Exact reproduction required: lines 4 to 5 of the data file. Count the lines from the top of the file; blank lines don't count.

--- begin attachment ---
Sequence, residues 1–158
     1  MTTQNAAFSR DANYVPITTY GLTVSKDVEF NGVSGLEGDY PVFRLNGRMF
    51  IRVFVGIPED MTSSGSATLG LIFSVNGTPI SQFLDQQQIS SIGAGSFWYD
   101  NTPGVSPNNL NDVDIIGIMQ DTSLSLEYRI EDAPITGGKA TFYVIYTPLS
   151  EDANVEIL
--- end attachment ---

   101  NTPGVSPNNL NDVDIIGIMQ DTSLSLEYRI EDAPITGGKA TFYVIYTPLS
   151  EDANVEIL